Thursday, October 1, 2015

No Foolin: US men's tennis on the rise

Exactly 18 months ago, on April Fools 2014, our fellow blogger Baseline Bagels posted a sobering blog about the state of American men's tennis: "No joke: American tennis sinks deeper." He noted that the second-ranked American guy at the time, #65 Bradley Klahn, had only 3 ATP wins in his career. He also noted that there were only 6 men in the Top 100, 14 in the Top 200, and that on the brink of the clay season, the rankings could "easily" get worse in the coming months.

"Having Isner in the top 10 is a great thing," he wrote, "but some of these guys behind him have to start making noise. Real noise. Someone, anyone."

I'm pleased to report that some noise has been made.

Not a terrible cacophony, mind you. There are still only 7 men in the Top 100, and still only 14 in the Top 200. Both are somewhat short of where USA would be in an ideal tennis world. (And Isner is no longer in the Top 10.) But it's louder than a murmur.

You can hear it in the number of ATP matches won and finals reached. In the second-week appearances at grand slams. And, slowly, in a big-picture improvement in rankings.

The part of the story that should most hearten American tennis fans is that the players who are making the most noise are, in the main, neither the old guard nor the remarkable teens touted as future saviors. They are guys in their early and mid-20s and they're coming into their own.

Here's the evidence:

ATP titles & finals: When Baseline Bagels wrote his post, US men's tennis was mired in the worst two-year period in its history. 2013 and 2014 will be looked at as the nadir of the sport in this country for quite some time (even while Serena Williams and the Bryans were doing amazing things). US men dropped from 225 match wins in 2012 to 145 in 2013 and a not-much-better 161 in 2014 (the year was saved by a strong fall finish from a few players). And combined, US men reached only 6 ATP finals in those 2 years - with 4 titles. The problem was, they were all John Isner finals.

So far in 2015, with 5 weeks left, American men already have equaled the number of 2014 ATP matches won (161) and surpassed the number of finals from 2013 and 2014 combined (7 vs 6). Jack Sock and Rajeev Ram both won titles (as did Isner), and Sam Querrey and Donald Young each reached finals (Querrey reached two). We're still nowhere near 2010 levels (226 match wins and 16 final appearances, including 4 all-American finals) but it's been a solid year in that regard.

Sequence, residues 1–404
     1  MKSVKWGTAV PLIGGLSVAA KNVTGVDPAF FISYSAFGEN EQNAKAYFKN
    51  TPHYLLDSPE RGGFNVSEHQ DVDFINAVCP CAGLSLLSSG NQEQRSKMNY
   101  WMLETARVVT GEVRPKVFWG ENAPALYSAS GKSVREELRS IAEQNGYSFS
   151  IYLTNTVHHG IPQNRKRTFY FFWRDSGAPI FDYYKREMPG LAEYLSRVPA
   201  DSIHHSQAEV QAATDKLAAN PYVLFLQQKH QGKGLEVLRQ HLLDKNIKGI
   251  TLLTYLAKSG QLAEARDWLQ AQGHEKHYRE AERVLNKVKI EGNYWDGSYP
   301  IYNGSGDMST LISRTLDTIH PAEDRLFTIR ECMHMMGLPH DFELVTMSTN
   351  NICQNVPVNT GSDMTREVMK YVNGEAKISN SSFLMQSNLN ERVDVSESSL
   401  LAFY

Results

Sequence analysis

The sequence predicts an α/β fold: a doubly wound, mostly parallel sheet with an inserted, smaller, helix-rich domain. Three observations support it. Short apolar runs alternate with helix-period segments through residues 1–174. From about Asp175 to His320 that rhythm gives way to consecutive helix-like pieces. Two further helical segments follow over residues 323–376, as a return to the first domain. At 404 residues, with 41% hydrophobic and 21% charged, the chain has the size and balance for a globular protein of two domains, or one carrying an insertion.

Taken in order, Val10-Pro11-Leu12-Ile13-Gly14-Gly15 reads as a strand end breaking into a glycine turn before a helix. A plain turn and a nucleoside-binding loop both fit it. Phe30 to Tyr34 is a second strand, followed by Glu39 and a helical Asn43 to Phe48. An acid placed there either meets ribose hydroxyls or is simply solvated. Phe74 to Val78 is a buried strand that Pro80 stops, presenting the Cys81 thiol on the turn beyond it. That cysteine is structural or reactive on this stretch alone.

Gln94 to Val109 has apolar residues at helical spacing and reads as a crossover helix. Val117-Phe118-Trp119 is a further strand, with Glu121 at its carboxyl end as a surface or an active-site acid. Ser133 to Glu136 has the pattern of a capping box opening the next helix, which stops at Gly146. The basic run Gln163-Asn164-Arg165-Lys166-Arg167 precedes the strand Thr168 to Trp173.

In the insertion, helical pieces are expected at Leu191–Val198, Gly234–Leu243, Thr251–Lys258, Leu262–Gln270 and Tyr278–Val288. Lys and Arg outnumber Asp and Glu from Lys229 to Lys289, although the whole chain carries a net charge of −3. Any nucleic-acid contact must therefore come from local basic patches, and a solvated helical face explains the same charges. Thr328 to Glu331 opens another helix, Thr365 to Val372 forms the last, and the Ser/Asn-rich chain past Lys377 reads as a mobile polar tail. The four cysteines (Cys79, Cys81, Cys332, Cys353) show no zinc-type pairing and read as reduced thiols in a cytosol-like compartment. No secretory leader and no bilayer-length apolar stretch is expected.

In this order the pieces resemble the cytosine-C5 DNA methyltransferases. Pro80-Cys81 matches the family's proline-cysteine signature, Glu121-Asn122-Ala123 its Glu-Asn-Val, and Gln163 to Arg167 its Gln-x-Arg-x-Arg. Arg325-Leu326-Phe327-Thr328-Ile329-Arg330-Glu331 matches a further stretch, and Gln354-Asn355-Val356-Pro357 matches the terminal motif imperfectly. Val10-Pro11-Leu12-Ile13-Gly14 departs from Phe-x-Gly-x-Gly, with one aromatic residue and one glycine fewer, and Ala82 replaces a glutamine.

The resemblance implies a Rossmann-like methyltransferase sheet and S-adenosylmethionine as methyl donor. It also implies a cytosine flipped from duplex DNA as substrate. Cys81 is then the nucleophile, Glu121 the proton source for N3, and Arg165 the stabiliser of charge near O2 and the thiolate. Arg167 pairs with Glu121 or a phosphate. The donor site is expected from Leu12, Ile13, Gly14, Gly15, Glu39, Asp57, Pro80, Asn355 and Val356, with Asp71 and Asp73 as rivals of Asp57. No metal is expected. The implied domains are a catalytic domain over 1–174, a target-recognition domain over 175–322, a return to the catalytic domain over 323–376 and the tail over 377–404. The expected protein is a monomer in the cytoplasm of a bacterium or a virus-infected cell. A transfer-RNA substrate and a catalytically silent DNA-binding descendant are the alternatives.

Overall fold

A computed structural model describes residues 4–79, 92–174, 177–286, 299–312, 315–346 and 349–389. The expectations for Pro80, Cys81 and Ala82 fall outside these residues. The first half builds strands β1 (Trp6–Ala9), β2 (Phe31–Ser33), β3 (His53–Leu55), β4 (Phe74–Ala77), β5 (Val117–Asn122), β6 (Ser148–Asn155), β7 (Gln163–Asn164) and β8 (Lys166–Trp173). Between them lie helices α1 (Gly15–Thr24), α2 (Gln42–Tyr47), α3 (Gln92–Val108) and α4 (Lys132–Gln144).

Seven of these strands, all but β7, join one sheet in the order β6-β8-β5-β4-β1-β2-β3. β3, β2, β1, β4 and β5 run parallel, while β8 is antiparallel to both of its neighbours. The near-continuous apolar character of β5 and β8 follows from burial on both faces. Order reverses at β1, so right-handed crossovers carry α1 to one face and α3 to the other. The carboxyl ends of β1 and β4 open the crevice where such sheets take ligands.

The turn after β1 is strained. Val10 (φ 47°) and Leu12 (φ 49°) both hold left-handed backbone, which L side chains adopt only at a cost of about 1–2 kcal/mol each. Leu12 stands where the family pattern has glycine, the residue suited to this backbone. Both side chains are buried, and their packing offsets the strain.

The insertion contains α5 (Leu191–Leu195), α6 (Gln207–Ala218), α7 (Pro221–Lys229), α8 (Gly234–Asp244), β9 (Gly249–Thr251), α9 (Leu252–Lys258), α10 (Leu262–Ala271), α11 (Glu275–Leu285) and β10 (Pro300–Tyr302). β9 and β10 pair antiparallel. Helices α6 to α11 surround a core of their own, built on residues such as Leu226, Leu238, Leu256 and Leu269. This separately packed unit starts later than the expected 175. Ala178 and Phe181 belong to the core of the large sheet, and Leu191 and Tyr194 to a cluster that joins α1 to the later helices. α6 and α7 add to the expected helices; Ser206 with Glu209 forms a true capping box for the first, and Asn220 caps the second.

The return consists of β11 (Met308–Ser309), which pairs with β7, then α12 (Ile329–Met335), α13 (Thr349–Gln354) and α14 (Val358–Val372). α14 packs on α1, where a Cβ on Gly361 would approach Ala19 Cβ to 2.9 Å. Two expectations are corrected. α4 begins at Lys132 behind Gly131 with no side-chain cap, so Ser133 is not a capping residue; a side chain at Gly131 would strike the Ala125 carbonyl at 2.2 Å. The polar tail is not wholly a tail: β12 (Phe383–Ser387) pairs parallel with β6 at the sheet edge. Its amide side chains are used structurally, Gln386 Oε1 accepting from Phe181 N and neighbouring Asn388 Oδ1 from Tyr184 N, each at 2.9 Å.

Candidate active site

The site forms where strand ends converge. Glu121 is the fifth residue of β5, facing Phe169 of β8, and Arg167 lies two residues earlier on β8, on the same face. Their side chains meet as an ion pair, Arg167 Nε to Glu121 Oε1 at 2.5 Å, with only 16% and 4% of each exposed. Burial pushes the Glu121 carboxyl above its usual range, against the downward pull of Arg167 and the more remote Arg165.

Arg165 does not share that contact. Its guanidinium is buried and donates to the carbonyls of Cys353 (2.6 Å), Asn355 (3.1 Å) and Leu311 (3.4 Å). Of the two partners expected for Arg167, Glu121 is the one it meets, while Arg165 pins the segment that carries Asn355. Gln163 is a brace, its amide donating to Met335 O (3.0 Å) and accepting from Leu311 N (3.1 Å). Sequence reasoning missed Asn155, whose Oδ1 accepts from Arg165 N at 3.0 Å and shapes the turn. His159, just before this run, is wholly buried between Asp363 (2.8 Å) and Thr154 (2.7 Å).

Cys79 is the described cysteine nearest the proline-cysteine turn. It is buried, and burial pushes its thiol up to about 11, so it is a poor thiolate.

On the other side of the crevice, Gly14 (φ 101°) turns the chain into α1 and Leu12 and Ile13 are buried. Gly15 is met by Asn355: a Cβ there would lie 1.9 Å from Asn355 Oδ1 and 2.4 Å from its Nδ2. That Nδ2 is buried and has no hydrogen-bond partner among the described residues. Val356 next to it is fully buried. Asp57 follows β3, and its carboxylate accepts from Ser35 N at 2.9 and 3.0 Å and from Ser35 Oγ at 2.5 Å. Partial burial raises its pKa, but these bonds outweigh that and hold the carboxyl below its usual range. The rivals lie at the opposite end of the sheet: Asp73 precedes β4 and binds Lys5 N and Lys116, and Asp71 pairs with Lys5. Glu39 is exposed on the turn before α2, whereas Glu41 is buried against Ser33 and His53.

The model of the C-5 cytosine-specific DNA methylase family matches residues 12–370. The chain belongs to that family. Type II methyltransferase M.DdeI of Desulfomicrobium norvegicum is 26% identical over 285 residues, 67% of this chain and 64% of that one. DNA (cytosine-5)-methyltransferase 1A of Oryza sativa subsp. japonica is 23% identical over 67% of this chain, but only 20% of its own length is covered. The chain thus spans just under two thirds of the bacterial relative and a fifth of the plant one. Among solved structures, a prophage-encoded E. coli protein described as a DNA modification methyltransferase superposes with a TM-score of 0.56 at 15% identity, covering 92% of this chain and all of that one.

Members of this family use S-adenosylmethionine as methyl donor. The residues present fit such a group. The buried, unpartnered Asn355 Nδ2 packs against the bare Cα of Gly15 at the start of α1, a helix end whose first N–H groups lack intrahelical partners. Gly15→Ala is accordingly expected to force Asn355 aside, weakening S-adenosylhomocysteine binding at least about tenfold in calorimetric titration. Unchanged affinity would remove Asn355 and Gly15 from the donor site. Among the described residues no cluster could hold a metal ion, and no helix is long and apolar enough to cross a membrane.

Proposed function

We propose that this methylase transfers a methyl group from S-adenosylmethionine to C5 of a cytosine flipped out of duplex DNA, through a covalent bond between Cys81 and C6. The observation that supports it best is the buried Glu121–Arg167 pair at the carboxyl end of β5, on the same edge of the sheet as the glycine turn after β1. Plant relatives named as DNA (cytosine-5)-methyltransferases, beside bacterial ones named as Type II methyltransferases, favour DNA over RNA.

Grand Slam runs: Okay, it's true: the USA hasn't had any men's major quarterfinalists since that April 2014, nor had they in the 18 months prior to the post (or in the 12 months prior to that). That said, four different men reached a major 4th round in 2015 (Sock, Denis Kudla, Young, Isner). Each lost to a slam champion in the next round (Nadal, Cilic, Wawrinka, Federer, respectively). Compare that to only one 4th round run in 2013 and 2014 combined (Isner at the 2014 French Open, where he lost to Berdych). It's been a veritable grand slam bonanza compared to the darkest days.

Rankings improvements: Yes, there are the same number of players in the Top 200 as there were 18 months ago. But the average ranking of those 14 players is up from 99.64 then to 91.86 now. Then there was 1 player in the Top 50; now there are 5.

Individually, Sock, Steve Johnson, Kudla, and Ram are all up substantially from then, as is Querrey. Isner, Tim Smyczek, and Ryan Harrison are near where they were. And while 5 players dropped out of the 4/1/2014 Top 200 (Michael Russell retired, Klahn and Rhyne Williams have been injury plagued, Alex Kuznetsov has had injuries and very poor results, and of course Wayne Odesnik was booted), they've been replaced by five players, all under 26 years old, who have had spectacular rises over the past 18 months.

  • Bjorn Frantangelo, 22 (ranked #119, up from #426 on 4/1/2014)
  • Austin Krajicek, 25 (#128, up from #211)
  • Dennis Novikov, 21 (#144, up from #616)
  • Jared Donaldson, 18 (#150, up from #587)
  • Alexander Sarkissian, 25 (#184, up from #900)
That's solid stuff right there.

An even brighter future

There have been a lot of career endings and massive injury layoffs over the past 3-5 years that have shaken up the American men's tennis landscape. And just ups and downs of various careers. That's the sort of thing can strike at any time, making confident predictions difficult.

That said, all signs point to that landscape being even better 18 months from now (April Fool's Day, 2017). Many of the collegiates - the Klahns and Williamses and Sandgrens and Buchanans and Jenkinses and Nguyens and Smiths of the world - will be healthy and in their primes and challenging for Top 200 spots (all have been recently ranked there), and several more solid players will be out of college and making their moves. The aforementioned teen "saviors" will be that much older -- it's hard not to see 2 or 3 or more of them joining Donaldson in the Top 200 by then. Sock and Kudla and Young and Johnson still have plenty of upside. And I'm calling it now: Andy Roddick will have come out of retirement and be back in his rightful spot in the Top 10.

(April Fools.)

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